In a matter of speaking … yes! Wow!!! Blended learning students in grades 9-12 return to buildings beginning 03/22 (at least in NYC). Speech-language pathologists help others with organizational skills so in that spirit here are some reminders
Get back into that routine now! Resume the routine bedtime, preparing lunch the night before, laying out clothing etc. Whatever the routine – especially with students who are special needs, that will be important. Since we are talking about older students returning, maybe a chart as below with their routine would be helpful to write out now..
Once your son or daughter is back – in-person..
Please communicate face to face if possible – not through facetime; but in-person and it will be important to show up with your son or daughter’s paperwork in hand. I’d suggest that you hand it to the special education supervisor as soon as your high school student enters the door. They may be pulling away during their adolescent years; which we’d typically expect. However, they won’t tell you – you are needed! Just like at the beginning in September – here is a checklist:
Set up a meeting or call your child’s lead teacher and introduce yourself. If possible go to school in person as it is the parent who makes themselves known that gets the help!
Make sure that your child’s therapy schedule is in place as times may change ..??? perhaps…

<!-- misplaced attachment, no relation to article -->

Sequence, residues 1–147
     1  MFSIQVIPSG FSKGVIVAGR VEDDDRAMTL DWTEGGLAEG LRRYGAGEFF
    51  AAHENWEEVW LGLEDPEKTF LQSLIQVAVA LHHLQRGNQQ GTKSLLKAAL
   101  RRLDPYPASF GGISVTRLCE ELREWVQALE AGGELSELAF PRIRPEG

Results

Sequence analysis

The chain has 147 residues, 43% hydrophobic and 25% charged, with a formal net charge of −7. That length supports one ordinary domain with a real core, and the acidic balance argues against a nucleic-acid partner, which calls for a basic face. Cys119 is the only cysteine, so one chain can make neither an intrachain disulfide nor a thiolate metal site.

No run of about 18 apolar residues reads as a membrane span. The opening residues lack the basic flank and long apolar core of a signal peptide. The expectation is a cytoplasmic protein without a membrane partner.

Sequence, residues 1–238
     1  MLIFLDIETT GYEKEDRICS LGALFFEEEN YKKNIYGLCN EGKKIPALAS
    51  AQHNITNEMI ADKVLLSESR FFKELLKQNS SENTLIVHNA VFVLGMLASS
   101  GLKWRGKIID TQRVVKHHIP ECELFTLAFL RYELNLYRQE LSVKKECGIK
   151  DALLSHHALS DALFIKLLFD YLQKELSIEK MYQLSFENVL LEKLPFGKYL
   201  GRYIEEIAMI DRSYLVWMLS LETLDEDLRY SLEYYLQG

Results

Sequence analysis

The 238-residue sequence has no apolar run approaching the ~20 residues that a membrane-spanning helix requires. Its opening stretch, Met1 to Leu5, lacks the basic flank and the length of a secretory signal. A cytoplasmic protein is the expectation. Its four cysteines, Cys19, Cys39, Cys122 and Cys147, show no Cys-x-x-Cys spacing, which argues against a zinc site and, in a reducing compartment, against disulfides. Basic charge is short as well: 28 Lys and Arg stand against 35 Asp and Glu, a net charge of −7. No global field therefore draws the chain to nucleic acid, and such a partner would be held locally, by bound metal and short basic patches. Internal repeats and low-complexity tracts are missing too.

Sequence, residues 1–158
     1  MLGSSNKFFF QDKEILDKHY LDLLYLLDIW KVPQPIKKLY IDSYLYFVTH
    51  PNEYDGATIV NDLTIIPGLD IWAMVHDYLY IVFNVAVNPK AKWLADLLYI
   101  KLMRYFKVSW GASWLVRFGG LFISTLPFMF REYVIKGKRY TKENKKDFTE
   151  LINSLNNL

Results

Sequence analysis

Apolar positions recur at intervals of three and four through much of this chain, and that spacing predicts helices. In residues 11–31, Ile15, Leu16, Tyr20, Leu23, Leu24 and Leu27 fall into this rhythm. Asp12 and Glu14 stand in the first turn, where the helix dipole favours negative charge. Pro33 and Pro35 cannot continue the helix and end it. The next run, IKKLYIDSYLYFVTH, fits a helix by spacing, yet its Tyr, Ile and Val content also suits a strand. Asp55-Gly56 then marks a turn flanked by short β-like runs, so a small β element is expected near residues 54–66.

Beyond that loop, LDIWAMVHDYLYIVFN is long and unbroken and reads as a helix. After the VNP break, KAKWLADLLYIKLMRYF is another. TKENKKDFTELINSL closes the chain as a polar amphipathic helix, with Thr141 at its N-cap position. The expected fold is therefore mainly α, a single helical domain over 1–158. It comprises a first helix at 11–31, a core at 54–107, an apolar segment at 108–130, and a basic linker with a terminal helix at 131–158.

If your son or daughter needs any adaptive equipment – communication boards or FM systems and these are typically at school – make sure they are there and also any eyeglasses!
***If your son or daughter can help with the very last item above it may be wonderful so that you guide them in self advocacy skills!
Remember that it is not just your child who needs the help. Your child's teacher needs the support from the school therapist so that they know how to support him or her and they need you too as the "team leader". Your son or daughter needs guidance too!
Resources: The impact that changes in kids since the pandemic necessitated social distancing cannot be understated.
A year or so back, I was sitting, catching up on reading mail one afternoon and i come across my graduate school alumni magazine. The topic that month was related to the use of technology in education. One of the articles talked about different types of careers that are developing in the field of education, that relate to technology. Really interesting. It got me thinking about my day-to-day work and the types of things that have happened over the past few years. How are we changing??
I avoid using technology at work, aside from some apps on my i-phone. Call me old fashioned; but, there really is a logical reason when you are interacting with young children. Why? there now is scientific evidence that the use of technology really impacts us. For example, this article from Scientific America might be eye opening for some https://www.scientificamerican.com/article/reading-paper-screens/
One might poo-poo the article that I site in the previous paragraph since the article was written in 2013. Before YOU choose to do so, copyrighted in 2018 MaryAnneWolf writes the text Reader, Come Home: The Reading Brain in a Digital World. (yes – you CAN get it online at Amazon 🙂 )